April is National Poetry Month, and since I am a huge fan of poetry, I always try to celebrate NPM in some way. It’s either by reading poetry books (especially by poets I’m not familiar with), reading biographical pieces about poets, sharing poetry with others, sharing stuff about poetry on social media, or by reading and, of course, writing poetry. I love poetry. I love reading poetry. And I love writing poetry!

So last year, for National Poetry Month, I decided to take those last three things and put them into a writing challenge. For the entire month of April in 2013, I challenged myself to write at least one poem a day. At that point, I wasn’t sure if I’d turn my efforts into a book, but after I was done and completed the challenge, I thought, why not?

And since it was an “April” poetry book, I gave it the title of one of the poems included: “April Showers.” I even debated dedicating the book to my friend, April, but, alas, she doesn’t like poetry. (Don’t worry, April, we’re still friends!) So I decided, why not dedicate it to someone who has a birthday in April? The person I decided to dedicate the book to is my husband’s grandmother, whose birthday was on Friday.

Now some notes on the poems in this book. Some of the poems celebrate poetry as well as National Poetry Month, but some others were written in honor of special days that take place in April:

April Fool’s Day
Tax Day
Poem In Your Pocket Day
Earth Day
National DNA Day

I know that Easter is in April this year but it was not last year (it was on March 31st) so I didn’t write a poem about Easter in this book. (Doesn’t mean I still won’t write a poem about Easter!)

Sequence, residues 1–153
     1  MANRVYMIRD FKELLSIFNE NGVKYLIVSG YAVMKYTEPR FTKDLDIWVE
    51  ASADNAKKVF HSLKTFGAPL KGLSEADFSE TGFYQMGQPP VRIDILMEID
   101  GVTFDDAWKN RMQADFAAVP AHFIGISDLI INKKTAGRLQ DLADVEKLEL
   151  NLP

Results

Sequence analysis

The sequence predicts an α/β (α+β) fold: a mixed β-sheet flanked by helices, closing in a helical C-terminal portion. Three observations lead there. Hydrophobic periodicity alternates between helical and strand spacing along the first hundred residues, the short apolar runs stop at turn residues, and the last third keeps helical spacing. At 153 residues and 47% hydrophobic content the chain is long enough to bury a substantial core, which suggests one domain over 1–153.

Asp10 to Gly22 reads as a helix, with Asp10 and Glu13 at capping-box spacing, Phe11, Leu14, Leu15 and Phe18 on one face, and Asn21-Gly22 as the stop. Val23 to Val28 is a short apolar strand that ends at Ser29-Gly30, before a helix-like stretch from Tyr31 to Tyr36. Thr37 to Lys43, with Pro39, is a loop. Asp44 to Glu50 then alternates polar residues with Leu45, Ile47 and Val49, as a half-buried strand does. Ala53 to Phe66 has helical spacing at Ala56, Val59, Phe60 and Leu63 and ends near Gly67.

There were other things that inspired the poems in this book, as well.

News articles I read inspired these poems:

“Books Still Matter”
“Religion That Kills”
“Be Smart About Guns”
“It Takes Time to Be Good”

Current events inspired me to write these poems:

“Boston’s Sad Day” (about the Boston Marathon bombing)
“Prayers for Texas” (about the deadly explosion in West Texas in which 15 people died)
“Book Fair” (about the annual book fair taking place every April here in Eugene)

And, finally, miscellaneous things that happened during the month – like when I got stranded at the library, saw a man dragging a limping dog on a leash, experienced discrimination from a school after I wasn’t answering their phone calls (I actually blogged about that whole mess here) and had a funny conversational exchange with my daughter who was craving pie -–also inspired me to write poems in this book (respectively, “Stuck at the Library,” “Limping Dog,” “On Deaf Ears” and “Pie”).

The final poem in that book, “A Month of Poetry,” recaps my writing challenge and how I accomplished it. (Yay!)

I am very grateful to Denise Bartlett for editing these poems. I am also very grateful to Charlotte Holley for another great cover for this poetry book (my seventh!). I love the cover! I knew I wanted there to be rain and flowers on the cover but I did not have an exact “image” in mind. I decided to go with flowers that bloom in April (azaleas) and Charlotte found some great images to whip together for the cover. All in all, I’m very happy with the way this book turned out!

My next poetry book will be the soldier poems book. I will be going back to theme books for a while, but we’ll see if another writing challenge inspires a future poetry book.

Happy National Poetry Month!

Blurb for April Showers:

To many, the month of April is known as National Poetry Month. But April also brings Earth Day, National DNA Day and the ever-dreaded Tax Day! April Showers was written during National Poetry Month of 2013, in which one poet wrote at least one poem a day that captured everything she read, saw and experienced in verse, as well as celebrating April's special days.

Buy link

Labels: , ,